KNOWING WHEN TO START OVER…
Last night in an effort to sit down and finally make some headway with my current WIP, I plopped down in front of my word processor, brewed a nice pot of coffee, and opened up the story. It’s sitting at page 200 and in my mind, I’m about 2/3 of the way done with the novel. I had hopes of finishing it up by the middle of September and then allow it to sit so that I could come back with fresh eyes later. Except that I have now found myself stuck between a rock and a hard place with my protagonist. She’s injured, in confinement, and with very few (and I mean VERY few) options of escape. As I’ve plugged along, I’ve known that this was going to take lots and lots of revising and editing, that the story seemed off-kilter the way it was and could use tweaking. But I wanted to save it for when I’d actually completed the 2nd draft of the book. (The first draft was only fifty pages long and I’d decided to reinvent everything and start over).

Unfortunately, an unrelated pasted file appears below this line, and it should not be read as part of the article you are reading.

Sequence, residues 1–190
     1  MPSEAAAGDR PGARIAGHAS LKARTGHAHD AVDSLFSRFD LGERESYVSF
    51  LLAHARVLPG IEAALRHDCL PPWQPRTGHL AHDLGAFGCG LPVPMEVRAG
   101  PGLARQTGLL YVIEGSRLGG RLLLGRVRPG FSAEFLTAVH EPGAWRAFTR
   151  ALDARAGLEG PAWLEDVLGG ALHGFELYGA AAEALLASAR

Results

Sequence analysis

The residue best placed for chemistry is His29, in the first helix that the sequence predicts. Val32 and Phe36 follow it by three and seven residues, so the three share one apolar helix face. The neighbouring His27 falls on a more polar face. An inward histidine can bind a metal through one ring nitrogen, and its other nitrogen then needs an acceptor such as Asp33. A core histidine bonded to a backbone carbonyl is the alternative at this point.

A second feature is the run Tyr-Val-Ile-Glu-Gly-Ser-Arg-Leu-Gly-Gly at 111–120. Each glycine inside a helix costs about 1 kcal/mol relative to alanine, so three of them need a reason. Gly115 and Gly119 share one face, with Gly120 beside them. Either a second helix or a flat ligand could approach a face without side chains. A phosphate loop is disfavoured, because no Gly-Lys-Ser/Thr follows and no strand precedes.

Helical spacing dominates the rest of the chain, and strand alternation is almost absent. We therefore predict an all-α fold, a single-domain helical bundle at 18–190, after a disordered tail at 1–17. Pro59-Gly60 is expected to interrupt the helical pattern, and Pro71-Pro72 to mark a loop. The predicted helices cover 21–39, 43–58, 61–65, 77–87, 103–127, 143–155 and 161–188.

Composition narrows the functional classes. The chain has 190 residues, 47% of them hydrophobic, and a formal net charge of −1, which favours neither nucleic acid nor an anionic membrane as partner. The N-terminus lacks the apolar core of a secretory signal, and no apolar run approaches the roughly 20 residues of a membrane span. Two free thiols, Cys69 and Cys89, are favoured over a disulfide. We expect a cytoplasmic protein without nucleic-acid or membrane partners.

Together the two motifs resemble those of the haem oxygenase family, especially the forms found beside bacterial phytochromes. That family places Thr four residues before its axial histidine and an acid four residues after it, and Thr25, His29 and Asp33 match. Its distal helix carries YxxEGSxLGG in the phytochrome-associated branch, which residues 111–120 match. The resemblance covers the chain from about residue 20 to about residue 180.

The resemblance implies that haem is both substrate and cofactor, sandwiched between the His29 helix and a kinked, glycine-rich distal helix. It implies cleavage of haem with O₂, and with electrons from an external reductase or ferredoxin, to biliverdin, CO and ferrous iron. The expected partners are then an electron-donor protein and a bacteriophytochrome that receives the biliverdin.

It occurred to me recently that I have never fully explained why write these blogs. Sure, I love discovering new music and sharing my discoveries with people. I like to write and listen to them. But there is something more to it, something I hope you writers and readers will appreciate. I once remember looking at another author’s playlist of songs that she listened to while writing her book years ago. When she got to a certain song on her list, she put in parentheses next to it “Generic action music”. I remember being extremely annoyed by that. Not sure if it was a blast against the writing of action scenes in general or if it was against that genre of music (in this case it was Fat Boy Slim). The author has since changed the list, removing the random note. And while this author shall remain nameless (*cough*Stephanie Meyer *cough* *cough*), I would really like to take a moment and focus on just how important action scenes are in the books that require them and how a certain song can really fit in with the scene you have in mind.